1) p. 7: "OrthoMCL was run with a BLAST E-value cut-off of 1e-05." -- was it run against the NR database, against all species minus the query species, or against each species separately? The E-value would be different for the same HSP in these three situations, as it is computed using the database length and is reverse proportional to it (whereas the score S would be the same). If the searches were done against the small database of a single proteome, the E-value of e-05 is probably too restrictive, and the list of "core genes" is longer. As a quick test of this, were all short ribosomal proteins (which are sure to be omnipresent in these genomes) reported among the orthologous genes? What would change if the E-value was set at e-02 or e-03 - would the "core gene" list cover closer to the 100% of the annotated genes in the smallest genome? And would the properties of these genes be the same or affect the conclusions?

Author's response

The blastp was not run against the NR database or against all the strains minus the query strain or against each species separately. Instead we performed all-against-all BLASTP comparison of all the protein sequences from the genomes used in this study. We created a blast database using all the protein sequences of the Chlamydia strains used in this study and performed blastp against it with the same dataset (all protein sequences).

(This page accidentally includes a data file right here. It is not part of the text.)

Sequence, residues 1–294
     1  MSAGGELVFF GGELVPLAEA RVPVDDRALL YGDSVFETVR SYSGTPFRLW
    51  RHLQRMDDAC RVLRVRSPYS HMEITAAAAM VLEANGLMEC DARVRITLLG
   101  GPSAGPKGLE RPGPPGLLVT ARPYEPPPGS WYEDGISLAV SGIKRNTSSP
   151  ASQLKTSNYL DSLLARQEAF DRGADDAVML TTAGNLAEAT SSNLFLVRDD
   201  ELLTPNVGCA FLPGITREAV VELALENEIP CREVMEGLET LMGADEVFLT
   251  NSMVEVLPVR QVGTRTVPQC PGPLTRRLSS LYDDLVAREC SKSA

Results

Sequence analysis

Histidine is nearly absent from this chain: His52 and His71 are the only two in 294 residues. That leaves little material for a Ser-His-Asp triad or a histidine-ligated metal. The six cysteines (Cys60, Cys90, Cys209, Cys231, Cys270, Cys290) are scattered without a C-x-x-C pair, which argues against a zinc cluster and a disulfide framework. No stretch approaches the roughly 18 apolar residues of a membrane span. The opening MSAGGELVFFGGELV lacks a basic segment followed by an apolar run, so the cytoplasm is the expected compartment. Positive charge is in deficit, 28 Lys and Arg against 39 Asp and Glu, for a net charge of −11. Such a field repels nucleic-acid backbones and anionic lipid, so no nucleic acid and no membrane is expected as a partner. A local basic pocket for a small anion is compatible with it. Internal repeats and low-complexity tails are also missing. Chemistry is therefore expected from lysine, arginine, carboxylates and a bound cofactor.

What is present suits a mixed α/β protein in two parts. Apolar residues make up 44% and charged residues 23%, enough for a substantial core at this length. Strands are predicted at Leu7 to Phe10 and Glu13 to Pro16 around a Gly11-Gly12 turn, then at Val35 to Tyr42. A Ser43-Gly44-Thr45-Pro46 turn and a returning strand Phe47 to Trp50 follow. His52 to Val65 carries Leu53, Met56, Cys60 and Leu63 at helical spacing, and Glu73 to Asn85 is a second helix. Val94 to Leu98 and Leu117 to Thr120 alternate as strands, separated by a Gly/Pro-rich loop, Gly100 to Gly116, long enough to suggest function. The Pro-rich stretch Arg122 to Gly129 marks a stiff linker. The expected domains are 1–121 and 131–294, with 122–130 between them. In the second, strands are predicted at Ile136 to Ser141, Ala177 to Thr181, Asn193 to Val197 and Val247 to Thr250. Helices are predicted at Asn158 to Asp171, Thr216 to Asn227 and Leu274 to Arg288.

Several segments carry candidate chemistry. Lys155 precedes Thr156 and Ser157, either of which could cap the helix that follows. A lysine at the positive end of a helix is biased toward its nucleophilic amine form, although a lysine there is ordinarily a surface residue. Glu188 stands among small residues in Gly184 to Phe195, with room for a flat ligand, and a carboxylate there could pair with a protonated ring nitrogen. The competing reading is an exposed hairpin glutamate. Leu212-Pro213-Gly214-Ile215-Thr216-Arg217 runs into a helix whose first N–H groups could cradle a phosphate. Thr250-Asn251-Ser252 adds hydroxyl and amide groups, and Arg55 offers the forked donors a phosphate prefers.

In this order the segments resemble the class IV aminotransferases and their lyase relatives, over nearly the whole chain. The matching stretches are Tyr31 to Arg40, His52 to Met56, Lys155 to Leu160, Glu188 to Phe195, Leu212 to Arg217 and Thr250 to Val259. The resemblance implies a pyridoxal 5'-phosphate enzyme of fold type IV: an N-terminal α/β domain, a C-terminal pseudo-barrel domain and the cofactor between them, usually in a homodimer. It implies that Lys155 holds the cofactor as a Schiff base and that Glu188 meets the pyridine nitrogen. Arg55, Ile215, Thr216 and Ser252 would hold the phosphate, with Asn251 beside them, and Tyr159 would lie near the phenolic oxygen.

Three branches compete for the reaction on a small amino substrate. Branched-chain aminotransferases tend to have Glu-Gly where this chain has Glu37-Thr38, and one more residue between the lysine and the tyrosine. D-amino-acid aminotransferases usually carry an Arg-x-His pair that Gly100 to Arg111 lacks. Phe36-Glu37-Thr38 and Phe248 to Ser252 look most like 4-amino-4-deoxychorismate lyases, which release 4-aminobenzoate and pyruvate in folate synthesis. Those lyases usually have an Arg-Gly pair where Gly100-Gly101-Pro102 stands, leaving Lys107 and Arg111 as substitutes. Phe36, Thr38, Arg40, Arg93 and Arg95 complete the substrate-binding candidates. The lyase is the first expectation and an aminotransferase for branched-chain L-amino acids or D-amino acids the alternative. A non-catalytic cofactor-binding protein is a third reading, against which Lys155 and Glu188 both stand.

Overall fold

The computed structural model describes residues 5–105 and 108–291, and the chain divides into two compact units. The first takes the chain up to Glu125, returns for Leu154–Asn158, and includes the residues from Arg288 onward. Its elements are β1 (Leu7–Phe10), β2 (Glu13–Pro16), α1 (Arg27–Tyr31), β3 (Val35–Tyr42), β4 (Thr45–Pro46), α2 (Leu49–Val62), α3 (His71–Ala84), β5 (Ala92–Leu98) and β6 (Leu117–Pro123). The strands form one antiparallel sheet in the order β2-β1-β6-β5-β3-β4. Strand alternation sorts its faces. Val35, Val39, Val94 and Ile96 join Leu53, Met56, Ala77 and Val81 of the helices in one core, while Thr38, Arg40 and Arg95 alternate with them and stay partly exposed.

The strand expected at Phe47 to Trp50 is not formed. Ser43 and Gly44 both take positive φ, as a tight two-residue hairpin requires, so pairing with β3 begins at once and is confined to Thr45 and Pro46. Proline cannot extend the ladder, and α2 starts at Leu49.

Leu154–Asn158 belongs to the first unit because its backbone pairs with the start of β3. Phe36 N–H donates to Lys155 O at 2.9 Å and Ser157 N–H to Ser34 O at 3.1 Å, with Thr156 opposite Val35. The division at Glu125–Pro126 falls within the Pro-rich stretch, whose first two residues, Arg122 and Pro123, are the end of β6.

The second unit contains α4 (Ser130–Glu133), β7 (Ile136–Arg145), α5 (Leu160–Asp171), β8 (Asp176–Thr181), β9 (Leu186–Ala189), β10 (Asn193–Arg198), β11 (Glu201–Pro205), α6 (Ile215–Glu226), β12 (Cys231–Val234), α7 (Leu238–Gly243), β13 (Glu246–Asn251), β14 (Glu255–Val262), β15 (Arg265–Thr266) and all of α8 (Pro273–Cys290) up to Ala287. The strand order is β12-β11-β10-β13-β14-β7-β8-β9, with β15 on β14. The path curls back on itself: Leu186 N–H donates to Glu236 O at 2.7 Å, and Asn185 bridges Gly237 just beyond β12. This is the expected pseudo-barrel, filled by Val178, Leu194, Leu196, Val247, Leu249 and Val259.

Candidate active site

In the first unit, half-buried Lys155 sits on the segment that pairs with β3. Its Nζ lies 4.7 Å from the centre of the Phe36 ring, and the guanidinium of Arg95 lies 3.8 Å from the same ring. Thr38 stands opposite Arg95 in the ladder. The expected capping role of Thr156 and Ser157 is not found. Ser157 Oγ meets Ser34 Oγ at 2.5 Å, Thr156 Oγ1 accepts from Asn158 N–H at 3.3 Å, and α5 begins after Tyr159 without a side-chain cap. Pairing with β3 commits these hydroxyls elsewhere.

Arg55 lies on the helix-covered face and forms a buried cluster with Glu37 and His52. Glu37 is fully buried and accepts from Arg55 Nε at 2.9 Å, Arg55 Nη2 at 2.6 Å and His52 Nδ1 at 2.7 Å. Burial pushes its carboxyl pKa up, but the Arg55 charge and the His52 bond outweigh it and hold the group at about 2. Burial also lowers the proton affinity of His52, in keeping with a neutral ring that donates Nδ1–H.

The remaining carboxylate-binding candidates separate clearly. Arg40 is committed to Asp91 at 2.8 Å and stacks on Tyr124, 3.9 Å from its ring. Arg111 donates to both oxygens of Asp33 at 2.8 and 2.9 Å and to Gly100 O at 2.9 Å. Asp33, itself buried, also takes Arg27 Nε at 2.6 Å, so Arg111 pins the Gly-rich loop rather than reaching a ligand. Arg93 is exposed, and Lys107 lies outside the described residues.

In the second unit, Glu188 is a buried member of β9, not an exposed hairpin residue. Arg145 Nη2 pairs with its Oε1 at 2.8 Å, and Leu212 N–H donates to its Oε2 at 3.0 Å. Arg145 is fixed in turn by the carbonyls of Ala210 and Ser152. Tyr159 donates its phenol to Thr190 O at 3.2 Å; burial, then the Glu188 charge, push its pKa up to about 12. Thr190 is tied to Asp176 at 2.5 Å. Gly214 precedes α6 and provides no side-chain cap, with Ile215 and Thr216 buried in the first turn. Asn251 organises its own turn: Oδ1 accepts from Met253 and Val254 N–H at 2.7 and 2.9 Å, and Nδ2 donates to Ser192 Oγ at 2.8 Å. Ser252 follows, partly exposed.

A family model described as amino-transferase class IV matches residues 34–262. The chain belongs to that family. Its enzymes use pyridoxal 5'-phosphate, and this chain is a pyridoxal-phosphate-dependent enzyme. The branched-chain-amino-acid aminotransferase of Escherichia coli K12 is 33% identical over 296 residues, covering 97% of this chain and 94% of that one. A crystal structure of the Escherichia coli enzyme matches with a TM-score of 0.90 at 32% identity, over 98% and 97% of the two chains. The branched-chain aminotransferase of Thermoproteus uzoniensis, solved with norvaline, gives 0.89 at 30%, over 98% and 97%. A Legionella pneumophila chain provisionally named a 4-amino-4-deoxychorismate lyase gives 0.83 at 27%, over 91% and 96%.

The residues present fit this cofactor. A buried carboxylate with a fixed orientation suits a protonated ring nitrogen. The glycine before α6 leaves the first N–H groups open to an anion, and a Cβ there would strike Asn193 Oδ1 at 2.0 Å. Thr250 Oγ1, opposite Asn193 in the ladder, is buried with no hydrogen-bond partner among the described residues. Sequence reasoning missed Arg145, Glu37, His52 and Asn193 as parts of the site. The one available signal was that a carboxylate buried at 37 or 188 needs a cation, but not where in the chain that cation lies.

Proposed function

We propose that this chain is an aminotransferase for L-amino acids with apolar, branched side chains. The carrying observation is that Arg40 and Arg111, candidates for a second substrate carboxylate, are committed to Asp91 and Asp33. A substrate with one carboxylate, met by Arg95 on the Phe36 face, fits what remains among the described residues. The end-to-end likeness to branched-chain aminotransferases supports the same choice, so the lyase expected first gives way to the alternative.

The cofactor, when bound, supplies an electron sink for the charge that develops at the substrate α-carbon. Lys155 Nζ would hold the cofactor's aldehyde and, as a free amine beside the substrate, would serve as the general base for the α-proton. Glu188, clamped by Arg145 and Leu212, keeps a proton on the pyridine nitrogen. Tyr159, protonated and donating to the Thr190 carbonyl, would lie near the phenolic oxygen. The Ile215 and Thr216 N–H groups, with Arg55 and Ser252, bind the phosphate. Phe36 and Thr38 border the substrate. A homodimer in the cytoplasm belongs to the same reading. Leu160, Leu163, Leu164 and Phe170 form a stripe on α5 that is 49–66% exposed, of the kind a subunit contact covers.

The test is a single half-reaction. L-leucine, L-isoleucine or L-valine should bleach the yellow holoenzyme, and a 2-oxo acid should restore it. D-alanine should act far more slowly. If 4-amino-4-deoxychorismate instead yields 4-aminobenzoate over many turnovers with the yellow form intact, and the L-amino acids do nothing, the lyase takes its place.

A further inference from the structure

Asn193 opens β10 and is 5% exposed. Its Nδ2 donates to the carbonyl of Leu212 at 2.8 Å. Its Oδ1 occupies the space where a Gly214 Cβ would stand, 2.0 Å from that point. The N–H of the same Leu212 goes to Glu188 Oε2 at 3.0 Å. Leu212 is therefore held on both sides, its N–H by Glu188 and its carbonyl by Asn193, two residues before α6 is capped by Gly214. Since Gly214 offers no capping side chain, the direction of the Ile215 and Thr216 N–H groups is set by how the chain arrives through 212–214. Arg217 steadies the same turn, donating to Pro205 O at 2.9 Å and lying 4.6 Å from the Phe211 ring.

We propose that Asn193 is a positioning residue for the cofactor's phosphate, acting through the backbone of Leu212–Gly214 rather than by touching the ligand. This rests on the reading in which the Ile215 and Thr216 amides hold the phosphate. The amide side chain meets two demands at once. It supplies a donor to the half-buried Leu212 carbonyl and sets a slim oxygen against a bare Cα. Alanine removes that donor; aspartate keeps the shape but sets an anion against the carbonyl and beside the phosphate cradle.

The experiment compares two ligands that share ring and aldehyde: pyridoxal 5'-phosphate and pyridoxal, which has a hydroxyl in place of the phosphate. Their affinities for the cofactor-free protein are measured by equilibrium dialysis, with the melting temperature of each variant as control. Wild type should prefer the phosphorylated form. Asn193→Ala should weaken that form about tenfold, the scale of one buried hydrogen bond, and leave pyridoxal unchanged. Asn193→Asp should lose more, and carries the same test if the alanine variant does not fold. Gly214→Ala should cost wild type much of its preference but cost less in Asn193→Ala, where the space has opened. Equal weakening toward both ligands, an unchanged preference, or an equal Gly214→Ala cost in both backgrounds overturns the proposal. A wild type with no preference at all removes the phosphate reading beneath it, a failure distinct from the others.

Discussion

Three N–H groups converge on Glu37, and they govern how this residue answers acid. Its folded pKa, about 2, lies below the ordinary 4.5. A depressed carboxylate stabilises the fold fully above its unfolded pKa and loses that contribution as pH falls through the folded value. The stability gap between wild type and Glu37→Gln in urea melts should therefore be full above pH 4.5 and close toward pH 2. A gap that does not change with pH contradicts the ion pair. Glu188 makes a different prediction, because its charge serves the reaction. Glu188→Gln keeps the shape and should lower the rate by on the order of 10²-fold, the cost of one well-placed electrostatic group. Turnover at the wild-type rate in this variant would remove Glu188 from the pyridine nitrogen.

2) p. 10: "It has been suggested that the majority of apparent disparity in gene content might be caused by differences in the gene predictions rather than being real differences in the presence or absence of genes" - a quick way to estimate the possible effect of this is to look for the homologs of "unique" or sparsely present genes in the other genomes by searching the nucleotide sequence with the TBLASTN program. Has this been attempted, can it also make the list of "core genes" longer, and would these genes be different in any way (other than they would perhaps be shorter-than-median gene length)?

Author's response

We took all unique or sparsely present gene clusters and performed TBLASTN analysis against a database containing all the genomes of Chlamydia strains used in this study. We found that 15 such gene clusters had perfect matches to all of the 12 genomes in the BLAST database, which increases the core genome size from 836 to 851 genes. For this study we used the annotation provided through Genbank but this point illustrates that we need to consider re-annotating consistently for future multi-genome comparisons.